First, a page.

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COVID-19 Paid Job Leave in 2021

COVID-19 Paid Job Leave in 2021

Greg Mansell

Greg Mansell

December 31, 2020 01:48 PM

Paid Job Leave Under the Families First Coronavirus Response Act (FFCRA) is Set to Expire. Now What?

At the beginning of the COVID-19 pandemic, congress passed the Families First Coronavirus Response Act that provided eligible employees with 80 hours of paid sick leave and 12 weeks of paid family leave, among other things. However, these laws as we know them will both expire on December 31, 2020. What kinds of job protection do you still have, and what are your options going forward to keep you and your family safe? Your Ohio Employment Lawyers explain everything you need to know about the changes to the FFCRA’s paid leave laws as we head into 2021.

Job Protection Under the FFCRA: Background and Eligibility Requirements

The FFCRA requires eligible employers to make 80 hours of paid sick leave available to all employees to use for COVID-19 related reasons, including if you are experiencing symptoms of COVID-19 and seeking a medical diagnosis, if you have been instructed by a medical professional to self-quarantine, or if you are caring for a child or other family member. The full list of qualifying reasons for Emergency Paid Sick Leave can be found here.

The FFCRA also requires eligible employers to offer up to 12 weeks of paid family leave under the Emergency Family and Medical Leave Expansion Act if an employee has worked for the company for at least 30 calendar days and is unable to work because his or her child’s school or place of childcare has been closed or is otherwise unavailable due to COVID-19. This type of leave is paid at 2/3 your normal rate, but it can also be used at the same time as emergency paid sick leave, meaning the first two weeks of your family leave can be paid at your normal rate, and the remaining 10 weeks will be paid out at 2/3 your normal rate.

To be eligible for either of these FFCRA provisions, you must work for an “eligible employer.” Most public employees and employees of private employers with less than 500 total employees are eligible for the FFCRA. Small businesses with less than 50 employees may claim an exemption from the FFCRA’s requirements if they can prove that compliance with these laws would “jeopardize the viability of the business as a going concern.”[1] Employers who employ individuals who provide healthcare services, emergency response services, and certain federal government employees can also exempt these employees from the FFCRA’S protections.[2]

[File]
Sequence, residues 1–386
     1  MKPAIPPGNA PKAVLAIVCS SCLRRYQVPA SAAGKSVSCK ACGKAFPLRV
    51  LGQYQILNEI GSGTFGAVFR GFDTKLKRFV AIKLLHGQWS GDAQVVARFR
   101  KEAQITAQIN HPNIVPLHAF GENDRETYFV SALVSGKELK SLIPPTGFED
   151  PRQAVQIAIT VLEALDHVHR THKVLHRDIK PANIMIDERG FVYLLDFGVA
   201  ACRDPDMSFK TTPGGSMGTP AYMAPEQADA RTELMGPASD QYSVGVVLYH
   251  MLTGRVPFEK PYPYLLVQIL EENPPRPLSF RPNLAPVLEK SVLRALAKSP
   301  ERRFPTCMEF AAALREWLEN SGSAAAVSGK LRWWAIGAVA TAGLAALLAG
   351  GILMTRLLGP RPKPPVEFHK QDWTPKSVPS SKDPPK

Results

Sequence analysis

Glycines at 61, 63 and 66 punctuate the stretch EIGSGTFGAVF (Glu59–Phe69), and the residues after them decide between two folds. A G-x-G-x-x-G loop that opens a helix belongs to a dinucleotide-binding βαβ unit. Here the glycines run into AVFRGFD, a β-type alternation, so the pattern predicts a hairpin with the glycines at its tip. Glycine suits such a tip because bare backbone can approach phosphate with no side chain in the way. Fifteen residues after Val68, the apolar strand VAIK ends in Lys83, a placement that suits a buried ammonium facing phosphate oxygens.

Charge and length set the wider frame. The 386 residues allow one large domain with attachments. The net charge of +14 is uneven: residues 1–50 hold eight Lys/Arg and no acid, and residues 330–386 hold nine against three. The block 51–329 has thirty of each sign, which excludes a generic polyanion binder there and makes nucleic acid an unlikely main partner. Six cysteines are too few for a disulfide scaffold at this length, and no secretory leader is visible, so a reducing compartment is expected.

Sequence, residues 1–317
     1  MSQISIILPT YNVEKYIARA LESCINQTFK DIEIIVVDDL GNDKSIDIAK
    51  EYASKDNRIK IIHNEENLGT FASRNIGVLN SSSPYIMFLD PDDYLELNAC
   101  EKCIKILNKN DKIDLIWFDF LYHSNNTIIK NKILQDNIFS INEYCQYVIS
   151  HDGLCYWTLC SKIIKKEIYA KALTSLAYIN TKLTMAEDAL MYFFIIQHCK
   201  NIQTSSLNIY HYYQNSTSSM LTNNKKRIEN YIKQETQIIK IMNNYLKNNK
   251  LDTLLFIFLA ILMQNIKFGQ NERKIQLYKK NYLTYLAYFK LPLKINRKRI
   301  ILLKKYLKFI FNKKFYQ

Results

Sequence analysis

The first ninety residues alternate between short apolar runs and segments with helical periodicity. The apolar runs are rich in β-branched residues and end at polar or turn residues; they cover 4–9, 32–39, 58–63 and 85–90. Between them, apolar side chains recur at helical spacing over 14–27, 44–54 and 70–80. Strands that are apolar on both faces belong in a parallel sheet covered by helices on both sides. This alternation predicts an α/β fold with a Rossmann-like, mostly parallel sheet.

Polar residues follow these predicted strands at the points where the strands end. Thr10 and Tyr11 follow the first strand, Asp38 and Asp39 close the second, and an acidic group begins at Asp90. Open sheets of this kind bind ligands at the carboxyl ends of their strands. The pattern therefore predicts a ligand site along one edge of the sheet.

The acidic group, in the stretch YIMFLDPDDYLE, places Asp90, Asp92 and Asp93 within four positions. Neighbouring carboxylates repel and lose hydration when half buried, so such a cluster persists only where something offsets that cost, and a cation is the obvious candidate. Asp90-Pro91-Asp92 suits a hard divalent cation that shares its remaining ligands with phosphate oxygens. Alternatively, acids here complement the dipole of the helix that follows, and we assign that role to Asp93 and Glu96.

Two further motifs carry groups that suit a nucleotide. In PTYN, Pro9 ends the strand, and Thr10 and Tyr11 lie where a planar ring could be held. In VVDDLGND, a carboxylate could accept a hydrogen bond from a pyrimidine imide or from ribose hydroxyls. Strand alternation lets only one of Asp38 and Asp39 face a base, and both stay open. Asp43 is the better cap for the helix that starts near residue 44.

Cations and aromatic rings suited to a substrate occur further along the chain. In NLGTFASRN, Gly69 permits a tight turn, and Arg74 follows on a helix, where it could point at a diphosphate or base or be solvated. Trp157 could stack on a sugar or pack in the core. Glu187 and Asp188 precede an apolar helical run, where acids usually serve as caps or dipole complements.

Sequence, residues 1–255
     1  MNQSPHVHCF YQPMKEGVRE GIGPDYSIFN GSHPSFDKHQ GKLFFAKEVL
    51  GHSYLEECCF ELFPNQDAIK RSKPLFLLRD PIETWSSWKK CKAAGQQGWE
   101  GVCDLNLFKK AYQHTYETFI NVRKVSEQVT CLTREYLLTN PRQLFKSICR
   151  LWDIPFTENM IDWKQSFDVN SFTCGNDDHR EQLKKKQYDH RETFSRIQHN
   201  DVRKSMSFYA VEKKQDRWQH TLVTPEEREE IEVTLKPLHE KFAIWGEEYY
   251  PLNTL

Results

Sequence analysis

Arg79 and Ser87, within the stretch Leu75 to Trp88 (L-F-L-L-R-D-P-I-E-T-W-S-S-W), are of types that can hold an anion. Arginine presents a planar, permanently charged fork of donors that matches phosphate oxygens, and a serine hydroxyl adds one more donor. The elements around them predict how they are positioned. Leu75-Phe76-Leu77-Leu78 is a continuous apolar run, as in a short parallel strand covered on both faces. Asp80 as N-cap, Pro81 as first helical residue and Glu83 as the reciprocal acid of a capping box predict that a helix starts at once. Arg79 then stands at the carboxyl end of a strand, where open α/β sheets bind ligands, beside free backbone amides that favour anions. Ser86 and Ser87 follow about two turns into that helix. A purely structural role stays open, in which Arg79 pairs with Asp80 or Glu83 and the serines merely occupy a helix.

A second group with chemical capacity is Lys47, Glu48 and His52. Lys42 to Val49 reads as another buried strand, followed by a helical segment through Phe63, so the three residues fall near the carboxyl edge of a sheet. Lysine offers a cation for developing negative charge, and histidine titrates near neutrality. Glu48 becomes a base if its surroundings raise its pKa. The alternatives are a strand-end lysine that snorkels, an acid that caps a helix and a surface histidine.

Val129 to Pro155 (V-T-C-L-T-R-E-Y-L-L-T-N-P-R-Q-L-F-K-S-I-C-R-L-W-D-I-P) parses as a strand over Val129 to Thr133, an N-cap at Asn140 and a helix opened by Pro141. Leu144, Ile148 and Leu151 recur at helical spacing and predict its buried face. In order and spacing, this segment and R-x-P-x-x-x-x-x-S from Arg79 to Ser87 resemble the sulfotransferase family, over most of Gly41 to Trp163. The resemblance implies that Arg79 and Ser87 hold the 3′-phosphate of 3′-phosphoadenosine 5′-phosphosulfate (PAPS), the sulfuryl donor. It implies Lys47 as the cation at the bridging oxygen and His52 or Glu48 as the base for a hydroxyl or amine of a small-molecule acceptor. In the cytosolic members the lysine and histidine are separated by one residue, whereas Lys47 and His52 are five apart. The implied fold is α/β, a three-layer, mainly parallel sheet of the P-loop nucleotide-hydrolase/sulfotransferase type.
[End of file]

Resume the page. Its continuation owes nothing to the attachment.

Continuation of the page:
What Will Happen in 2021

The FFCRA’s protections are set to expire on December 31, 2020, and congress has chosen not to renew these laws. Therefore, no additional leave, under either the Emergency Family and Medical Leave Expansion Act or the Emergency Paid Sick Leave Act will be provided. However, if you are an eligible employee and have not yet used all of the leave you were entitled to in 2020, your employer has the option to allow you to carry over unused leave time into 2021. You are allowed to use any of your unused leave for a qualifying reason related to COVID-19 through March 31, 2021, and your employer may take a tax credit for any days they allow you to use your paid leave. But the important difference heading into the new year is that your employer is not required to allow you to do this. Thus, if you have additional paid sick leave or family leave, your employer is not required to allow you to make use of this leave time in 2021.

If your employer does choose to allow its employees to make use of their unused paid sick leave and/or paid family leave, it is prohibited from discriminating or retaliating against any employee who seeks to use or uses such leave. Your employer will forfeit its right to claim tax credits against its employees’ use of leftover paid leave under the FFCRA if it engages in any discriminatory or retaliatory practices related to this leave.

While compliance with the FFCRA is no longer mandatory for employers in 2021, discrimination against any individual based on a disability or need for a reasonable accommodation is still unlawful. If you believe your employer has violated the FFCRA, or if you have other questions about your employment, reach out to us to schedule a free consultation.

Mansell Law

Ohio Disability and Accommodation Attorneys

[1] See 29 C.F.R. § 826.40(b)(1)

[2] See 29 C.F.R. § 826.30

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